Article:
Another resident noted that building permits for renovation cost $400. He questioned the policy. Mayor Ladewig explained that permit fees paid for building inspection required by the State building code, adding that in many cases, the City paid for additional inspection costs above the cost of permits. "We adopted the State code for the safety and welfare of residents," Ladewig said.

City Clerk Kathy Zacher commented that $400-permit-fees were not typical. "It depends on the square footage," she explained.

With that, Ladewig returned to the DEED issue, announcing that a meeting would take place on Thursday. "Terry Erickson from Semcac and someone from Pettitpiece, a Mankato-based economic development company, will be there to answer questions about the special session."

Last week, the City announced that Semcac would represent the City in handling applications for residential and business aid under the State disaster relief bill. "We want to get the process going, and structure this," said Ladewig.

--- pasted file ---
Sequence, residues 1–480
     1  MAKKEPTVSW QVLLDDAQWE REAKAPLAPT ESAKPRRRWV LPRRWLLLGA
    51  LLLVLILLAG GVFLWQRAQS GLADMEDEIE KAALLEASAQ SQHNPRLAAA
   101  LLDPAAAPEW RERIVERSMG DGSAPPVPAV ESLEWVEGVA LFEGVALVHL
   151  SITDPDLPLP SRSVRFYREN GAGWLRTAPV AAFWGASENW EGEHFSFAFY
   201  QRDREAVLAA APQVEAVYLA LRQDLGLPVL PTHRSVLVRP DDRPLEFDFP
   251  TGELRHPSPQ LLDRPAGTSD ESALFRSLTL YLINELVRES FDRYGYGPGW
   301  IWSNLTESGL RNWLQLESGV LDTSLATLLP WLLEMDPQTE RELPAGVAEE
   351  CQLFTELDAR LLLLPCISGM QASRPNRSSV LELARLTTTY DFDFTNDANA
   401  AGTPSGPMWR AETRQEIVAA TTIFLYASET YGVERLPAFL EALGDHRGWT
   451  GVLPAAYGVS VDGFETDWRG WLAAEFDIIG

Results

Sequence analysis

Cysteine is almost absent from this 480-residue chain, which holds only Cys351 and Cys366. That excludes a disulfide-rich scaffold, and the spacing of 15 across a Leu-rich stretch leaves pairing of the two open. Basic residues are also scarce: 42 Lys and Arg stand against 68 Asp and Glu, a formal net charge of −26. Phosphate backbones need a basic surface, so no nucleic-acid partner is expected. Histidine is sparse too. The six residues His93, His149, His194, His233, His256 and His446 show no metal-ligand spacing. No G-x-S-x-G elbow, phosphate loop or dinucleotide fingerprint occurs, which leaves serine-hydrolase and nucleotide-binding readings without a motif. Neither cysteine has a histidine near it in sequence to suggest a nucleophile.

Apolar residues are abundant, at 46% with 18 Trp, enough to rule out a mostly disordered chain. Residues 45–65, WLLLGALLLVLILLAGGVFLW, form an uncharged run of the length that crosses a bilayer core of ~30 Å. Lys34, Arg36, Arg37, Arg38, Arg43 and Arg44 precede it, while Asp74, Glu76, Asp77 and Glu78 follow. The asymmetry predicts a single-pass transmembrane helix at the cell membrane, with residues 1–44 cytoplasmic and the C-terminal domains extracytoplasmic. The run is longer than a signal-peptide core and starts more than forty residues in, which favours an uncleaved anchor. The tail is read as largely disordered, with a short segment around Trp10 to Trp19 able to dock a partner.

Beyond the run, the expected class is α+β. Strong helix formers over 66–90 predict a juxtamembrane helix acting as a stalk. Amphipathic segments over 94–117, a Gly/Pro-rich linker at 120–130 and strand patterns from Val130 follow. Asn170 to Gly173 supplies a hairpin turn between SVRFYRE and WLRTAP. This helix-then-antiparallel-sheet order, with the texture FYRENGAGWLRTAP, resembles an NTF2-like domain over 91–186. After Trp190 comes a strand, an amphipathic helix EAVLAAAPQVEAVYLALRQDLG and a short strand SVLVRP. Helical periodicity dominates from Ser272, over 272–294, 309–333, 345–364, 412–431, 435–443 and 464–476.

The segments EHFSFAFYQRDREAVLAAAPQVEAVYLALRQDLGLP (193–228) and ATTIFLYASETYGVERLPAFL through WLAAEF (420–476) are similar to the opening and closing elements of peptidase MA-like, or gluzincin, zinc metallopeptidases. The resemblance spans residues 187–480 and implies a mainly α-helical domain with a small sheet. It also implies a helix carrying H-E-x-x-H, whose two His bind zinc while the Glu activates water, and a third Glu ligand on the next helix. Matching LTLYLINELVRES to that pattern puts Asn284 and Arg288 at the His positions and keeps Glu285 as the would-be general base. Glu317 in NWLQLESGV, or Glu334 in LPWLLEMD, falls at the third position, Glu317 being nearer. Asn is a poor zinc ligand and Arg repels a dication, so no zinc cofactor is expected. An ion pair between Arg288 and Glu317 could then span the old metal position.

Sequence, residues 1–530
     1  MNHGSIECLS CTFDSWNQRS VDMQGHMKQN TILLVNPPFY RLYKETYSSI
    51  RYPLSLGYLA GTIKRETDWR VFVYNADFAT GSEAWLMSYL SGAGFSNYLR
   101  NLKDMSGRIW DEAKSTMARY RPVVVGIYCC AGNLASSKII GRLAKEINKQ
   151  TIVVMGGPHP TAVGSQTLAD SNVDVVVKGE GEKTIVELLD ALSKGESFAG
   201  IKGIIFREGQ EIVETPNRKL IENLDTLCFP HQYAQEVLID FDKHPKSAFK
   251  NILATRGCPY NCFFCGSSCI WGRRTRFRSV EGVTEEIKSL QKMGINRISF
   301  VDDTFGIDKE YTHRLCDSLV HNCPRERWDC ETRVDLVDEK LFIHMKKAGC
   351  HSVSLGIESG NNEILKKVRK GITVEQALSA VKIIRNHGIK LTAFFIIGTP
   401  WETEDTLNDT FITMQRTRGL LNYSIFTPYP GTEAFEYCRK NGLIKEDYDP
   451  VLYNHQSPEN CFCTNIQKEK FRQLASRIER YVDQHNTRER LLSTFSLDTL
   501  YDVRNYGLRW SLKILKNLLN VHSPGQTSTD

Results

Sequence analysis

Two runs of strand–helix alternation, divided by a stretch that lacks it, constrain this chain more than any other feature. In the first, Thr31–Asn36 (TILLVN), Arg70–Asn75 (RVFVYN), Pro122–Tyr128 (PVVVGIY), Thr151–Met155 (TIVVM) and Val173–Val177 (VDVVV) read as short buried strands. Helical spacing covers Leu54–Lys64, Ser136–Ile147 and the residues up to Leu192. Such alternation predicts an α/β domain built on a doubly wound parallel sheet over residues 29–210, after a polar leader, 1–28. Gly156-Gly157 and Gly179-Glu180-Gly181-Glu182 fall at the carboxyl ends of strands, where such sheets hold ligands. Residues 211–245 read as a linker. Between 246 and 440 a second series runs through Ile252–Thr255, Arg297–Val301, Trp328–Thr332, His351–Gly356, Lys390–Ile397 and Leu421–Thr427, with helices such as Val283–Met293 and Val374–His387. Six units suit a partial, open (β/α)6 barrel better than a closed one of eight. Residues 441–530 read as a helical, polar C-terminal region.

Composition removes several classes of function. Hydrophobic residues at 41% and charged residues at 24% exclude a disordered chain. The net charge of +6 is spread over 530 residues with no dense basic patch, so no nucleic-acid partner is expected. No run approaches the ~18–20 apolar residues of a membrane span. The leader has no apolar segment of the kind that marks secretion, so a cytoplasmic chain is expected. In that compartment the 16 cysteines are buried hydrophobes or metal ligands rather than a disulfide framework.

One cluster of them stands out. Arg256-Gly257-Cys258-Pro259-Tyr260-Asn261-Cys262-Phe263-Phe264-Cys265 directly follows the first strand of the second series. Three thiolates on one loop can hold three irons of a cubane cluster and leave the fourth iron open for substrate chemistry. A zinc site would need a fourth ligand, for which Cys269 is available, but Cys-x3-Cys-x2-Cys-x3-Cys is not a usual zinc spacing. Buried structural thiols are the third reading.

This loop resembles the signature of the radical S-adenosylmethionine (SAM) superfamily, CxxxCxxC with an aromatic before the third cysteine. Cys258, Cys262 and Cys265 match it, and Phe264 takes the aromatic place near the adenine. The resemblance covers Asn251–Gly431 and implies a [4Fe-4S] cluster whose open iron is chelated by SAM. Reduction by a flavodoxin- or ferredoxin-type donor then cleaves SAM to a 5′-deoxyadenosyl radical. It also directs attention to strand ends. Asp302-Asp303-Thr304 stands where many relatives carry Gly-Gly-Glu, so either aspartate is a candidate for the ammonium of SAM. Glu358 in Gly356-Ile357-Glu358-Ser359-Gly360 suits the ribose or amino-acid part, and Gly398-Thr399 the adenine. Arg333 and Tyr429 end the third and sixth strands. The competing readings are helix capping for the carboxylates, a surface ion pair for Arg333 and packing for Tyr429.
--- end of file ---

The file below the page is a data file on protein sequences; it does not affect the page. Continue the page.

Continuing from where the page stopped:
Said Ostrem, "Whenever possible, the business wants to work together with the City."

Bad Wells

On the day public officials proclaimed an end to the boil-drinking-water-order, administrator Windy Block reported that engineers working to solve water problems have discovered 130-wells operating in the City, many of them cross-connected with municipal water. "We knew of 43-wells. No-doubt, the number will increase," said Block, adding, "The community has been far too lax with water issues. Correcting this will not always be well-received," he said, referring to costs borne by homeowners for installing city water. "But we'll never have a secure system [safe from bacterial and chemical contamination] if we don't do this. We're working with the County on a mitigation program."

Condemned Structures